Prof. Erich Reck PhD

October 25th until December 5th, 2021

Affiliation: University of California at Riverside

Research for a study about:

Carnap, Meta-Logic, and Meta-Philosophy

Erich Reck is Professor of Philosophy at the University of California, Riverside.  He has also taught, as Visiting Professor, at the University of California at Irvine (LPS Department), the University of Munich, Germany (MCMP), and McMaster University, Canada (Department of Philosophy and Russell Archives).  He received his Ph.D. in philosophy from the University of Chicago and, earlier, an M.S. in mathematics from the University of Bonn, Germany.  His work falls into three main areas: philosophy of mathematics; history and philosophy of logic; and 19th/20th-century philosophy, especially history of analytic philosophy and Neo-Kantianism.  Currently he is writing a booklet, entitled Wittgenstein’s Reception of Frege, for the Cambridge Elements on Wittgenstein series; and he is co-editing and co-translating Vol. III of Rudolf Carnap’s Collected Writings, which concerns Carnap’s contributions to logic in the 1920s and early 30s.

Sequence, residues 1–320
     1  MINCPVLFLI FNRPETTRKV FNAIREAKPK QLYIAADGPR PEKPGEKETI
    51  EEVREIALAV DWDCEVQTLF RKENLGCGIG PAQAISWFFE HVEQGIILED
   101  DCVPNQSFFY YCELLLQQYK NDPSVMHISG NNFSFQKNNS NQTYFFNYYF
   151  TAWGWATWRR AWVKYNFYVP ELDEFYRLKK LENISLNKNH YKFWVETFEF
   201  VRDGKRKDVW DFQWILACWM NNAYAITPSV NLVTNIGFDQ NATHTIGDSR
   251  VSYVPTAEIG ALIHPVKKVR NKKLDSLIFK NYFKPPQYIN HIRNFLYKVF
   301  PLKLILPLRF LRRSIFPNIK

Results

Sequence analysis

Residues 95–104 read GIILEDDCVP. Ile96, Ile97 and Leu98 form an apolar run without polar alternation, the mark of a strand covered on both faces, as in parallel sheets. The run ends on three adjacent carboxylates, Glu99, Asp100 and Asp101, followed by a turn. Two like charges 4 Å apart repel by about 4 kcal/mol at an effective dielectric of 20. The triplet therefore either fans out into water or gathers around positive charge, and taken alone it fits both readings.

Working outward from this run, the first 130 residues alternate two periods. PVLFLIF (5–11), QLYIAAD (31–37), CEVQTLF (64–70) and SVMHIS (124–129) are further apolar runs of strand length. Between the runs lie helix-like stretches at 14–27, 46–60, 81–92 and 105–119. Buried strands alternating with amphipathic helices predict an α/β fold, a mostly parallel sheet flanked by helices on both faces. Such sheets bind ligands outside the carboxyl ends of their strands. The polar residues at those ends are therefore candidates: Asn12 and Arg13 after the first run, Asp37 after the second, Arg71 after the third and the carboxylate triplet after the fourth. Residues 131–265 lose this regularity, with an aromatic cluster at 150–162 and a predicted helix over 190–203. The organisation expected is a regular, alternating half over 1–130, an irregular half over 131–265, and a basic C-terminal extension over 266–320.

Carnapian Explication: Origins and Shifting Goals

Date:  November 22nd, 2021

Time: 5–6.30 pm (CET)

Online Plattform: Please find further information at Logic Cafe



In current analytic philosophy, Carnapian explication has become a prominent method again, also under the names of conceptual engineering and mathematical philosophy.  But there are questions about the reach and limits of this method, and in particular, about the goals for which it is appropriate.  In my talk, this topic is approached by reconsidering the origins of Carnapian explication, in the sense of its original inspirations and guiding paradigms.  As Carnap tells us, those lie in the logical and philosophical works of Frege, Russell, and Tarski, but also in certain advances in the sciences.  This raises two questions:  What were the underlying goals in those cases, thus the functions explication was supposed to serve?  Were those goals and functions sufficiently uniform to provide helpful orientation for us, both with respect to Carnap and current appeals to explication?  Insofar as answers to these questions are not as easy as one might expect, an important dimension of explication is in need of further clarification and critique, as I will argue.  What is at issue, at bottom, is the relationship between philosophical and scientific goals, and with it, between the methodologies appropriate for each.